It does, however, include what is necessary for the protection of the general welfare or for the interests of the collectivity as a whole. This includes the prescription for peace and good order, safety and economic order.
The Court of Final Appeal recognised that there were legitimate societal and community interests in protecting the national flag and the regional flag under the constitutional order of “one country, two systems”, with Hong Kong being an inalienable part of the People’s Republic of China. It was ruled that such interests were within the concept of public order (ordre public).
In short, the exercise of freedom of expression ought to be subject to the overriding principles of “one country, two systems” and national unity. Any advocacy of independence of Hong Kong not only constitutes a blatant contravention of the Basic Law, but also endangers the security, societal and economic interests of Hong Kong.
Furthermore, the spread of this unlawful and irresponsible concept of “independence” will heighten social tensions and create unnecessary anxiety in the community, which will in turn undermine the social stability and international reputation of Hong Kong.
Currently, there is no local legislation which expressly prohibits or criminalises the advocacy of Hong Kong independence. There are treason and sedition offences under the Crimes Ordinance of Hong Kong. These are, however, widely and vaguely defined and do not specify with sufficient clarity the conduct which would constitute treason and sedition.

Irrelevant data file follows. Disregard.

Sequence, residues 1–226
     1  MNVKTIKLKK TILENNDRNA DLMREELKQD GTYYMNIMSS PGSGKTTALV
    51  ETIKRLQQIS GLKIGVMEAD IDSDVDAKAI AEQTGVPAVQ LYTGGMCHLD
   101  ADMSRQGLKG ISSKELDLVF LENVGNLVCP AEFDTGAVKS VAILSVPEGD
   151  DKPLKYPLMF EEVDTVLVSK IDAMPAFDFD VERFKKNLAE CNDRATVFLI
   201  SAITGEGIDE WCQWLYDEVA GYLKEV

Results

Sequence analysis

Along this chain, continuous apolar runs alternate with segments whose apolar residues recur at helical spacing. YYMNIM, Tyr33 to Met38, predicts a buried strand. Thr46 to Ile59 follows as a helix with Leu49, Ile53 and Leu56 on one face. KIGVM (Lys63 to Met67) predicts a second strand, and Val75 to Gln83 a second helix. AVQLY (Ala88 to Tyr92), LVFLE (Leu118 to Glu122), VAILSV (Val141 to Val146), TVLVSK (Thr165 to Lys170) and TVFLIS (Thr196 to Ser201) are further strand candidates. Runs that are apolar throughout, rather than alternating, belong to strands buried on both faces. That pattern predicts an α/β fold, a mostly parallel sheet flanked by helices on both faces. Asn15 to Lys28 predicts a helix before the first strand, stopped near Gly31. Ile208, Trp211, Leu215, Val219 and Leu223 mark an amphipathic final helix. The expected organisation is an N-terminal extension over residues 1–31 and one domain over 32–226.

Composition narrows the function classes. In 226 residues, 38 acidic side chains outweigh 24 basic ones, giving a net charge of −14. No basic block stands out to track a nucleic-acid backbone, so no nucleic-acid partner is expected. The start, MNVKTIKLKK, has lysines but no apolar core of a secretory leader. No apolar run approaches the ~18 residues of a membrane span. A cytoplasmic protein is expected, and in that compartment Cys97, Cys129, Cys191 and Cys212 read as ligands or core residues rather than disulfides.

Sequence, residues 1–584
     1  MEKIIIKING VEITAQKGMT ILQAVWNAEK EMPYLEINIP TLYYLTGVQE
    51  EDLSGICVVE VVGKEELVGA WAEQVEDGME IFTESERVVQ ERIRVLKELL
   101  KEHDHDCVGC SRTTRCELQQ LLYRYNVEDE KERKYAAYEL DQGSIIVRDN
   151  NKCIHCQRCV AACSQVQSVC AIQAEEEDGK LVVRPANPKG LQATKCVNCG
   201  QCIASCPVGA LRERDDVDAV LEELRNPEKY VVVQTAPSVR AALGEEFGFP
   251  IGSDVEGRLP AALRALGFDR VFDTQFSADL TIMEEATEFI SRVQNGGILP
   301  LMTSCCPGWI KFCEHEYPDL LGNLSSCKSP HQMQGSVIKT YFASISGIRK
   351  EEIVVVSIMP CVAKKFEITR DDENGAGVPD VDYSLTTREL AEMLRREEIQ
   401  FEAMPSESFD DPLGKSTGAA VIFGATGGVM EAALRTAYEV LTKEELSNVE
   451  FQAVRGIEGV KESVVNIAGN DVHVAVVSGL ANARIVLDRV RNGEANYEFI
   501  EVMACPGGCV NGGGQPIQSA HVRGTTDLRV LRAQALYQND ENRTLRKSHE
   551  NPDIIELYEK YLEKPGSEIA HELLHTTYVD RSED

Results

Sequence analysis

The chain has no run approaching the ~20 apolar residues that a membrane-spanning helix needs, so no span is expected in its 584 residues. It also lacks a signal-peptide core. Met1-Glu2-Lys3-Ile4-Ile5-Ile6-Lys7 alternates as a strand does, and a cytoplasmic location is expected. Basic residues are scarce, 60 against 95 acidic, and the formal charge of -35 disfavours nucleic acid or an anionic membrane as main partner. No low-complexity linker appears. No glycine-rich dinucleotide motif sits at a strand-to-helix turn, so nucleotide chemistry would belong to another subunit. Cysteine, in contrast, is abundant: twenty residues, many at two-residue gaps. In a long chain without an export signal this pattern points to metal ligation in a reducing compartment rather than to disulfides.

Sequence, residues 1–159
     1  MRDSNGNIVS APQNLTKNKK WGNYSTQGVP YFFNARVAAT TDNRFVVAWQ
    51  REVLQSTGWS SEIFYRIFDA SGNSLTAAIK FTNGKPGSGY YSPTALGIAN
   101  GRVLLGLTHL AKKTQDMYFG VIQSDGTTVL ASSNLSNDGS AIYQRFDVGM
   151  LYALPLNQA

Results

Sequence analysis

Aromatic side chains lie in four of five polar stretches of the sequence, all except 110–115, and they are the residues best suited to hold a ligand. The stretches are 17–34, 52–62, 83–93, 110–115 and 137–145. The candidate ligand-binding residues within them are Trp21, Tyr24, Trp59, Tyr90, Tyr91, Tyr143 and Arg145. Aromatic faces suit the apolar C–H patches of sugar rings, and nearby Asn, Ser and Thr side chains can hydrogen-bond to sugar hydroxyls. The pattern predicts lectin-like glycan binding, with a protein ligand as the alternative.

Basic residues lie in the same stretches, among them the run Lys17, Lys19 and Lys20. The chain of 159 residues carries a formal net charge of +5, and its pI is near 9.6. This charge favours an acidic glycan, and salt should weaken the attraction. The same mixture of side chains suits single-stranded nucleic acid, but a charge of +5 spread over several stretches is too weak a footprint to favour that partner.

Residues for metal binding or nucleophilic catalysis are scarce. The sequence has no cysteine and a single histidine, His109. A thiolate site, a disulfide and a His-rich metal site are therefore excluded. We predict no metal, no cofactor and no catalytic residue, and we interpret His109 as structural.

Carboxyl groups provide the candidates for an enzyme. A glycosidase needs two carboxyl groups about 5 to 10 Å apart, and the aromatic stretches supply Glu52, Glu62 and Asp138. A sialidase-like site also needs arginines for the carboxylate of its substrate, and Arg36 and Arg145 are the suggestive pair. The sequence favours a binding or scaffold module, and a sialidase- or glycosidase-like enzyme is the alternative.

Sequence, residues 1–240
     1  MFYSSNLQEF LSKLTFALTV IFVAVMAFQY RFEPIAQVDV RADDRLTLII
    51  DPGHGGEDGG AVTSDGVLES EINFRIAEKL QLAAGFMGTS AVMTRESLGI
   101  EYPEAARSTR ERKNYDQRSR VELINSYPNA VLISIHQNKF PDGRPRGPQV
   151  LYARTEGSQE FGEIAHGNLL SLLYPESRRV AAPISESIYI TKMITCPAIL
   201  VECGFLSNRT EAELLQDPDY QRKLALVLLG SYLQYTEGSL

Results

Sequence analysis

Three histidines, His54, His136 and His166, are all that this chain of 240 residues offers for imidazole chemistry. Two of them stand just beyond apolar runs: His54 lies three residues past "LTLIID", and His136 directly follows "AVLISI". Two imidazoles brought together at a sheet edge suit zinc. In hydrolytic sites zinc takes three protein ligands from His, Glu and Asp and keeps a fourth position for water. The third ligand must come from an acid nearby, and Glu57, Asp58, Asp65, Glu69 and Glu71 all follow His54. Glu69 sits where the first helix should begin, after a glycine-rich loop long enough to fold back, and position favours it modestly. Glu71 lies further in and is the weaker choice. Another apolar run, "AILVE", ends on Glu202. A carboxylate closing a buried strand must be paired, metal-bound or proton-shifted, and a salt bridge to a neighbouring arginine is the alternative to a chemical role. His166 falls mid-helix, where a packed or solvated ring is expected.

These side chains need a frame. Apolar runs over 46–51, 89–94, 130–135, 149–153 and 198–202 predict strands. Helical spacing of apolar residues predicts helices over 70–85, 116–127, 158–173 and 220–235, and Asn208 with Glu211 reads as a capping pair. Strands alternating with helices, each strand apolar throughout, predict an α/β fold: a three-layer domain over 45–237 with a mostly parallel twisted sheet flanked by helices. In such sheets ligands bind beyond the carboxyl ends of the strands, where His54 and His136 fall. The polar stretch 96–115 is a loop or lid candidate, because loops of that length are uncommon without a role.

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Given that existing local legislation does not provide sufficiently detailed guidance, it may be time for Hong Kong to reconsider the necessity of enacting such legislation under Article 23 of the Basic Law. However controversial, Hong Kong has a constitutional duty to enact laws to give effect to Article 23 of the Basic Law in order to maintain China’s sovereignty, unity and territorial integrity, and to preserve Hong Kong’s long-term stability and prosperity.
Article 23 provides that Hong Kong shall enact laws to prohibit treason, secession, sedition and subversive activities against the central government and to prohibit foreign political organisations or bodies from conducting political activities in Hong Kong.
It is common knowledge that most, if not all, developed and civilised nations have laws prohibiting treason and secession activities. While individual liberties are celebrated in the United States, commitment of treason, insurrection and subversive activities are strictly prohibited and US laws expressly prohibit such actions with criminal liability. For instance, there have been cases in the US where defendants were sentenced to imprisonment for advocating the overthrowing of the US government by force and violence, and for joining, willingly and knowingly, organisations advocating such a political agenda.
While the advocates of separatism or independence clearly do not represent mainstream views in the city, the recent emergence of radical and separatist groups is a wake-up call to the community of Hong Kong. The enactment of a carefully drafted legislation pursuant to Article 23 will be an effective means to combat any promotion of Hong Kong independence, along with other secession, sedition and subversive activities that would be harmful to the city’s long-term stability.
Eliza C. H. Chan is a solicitor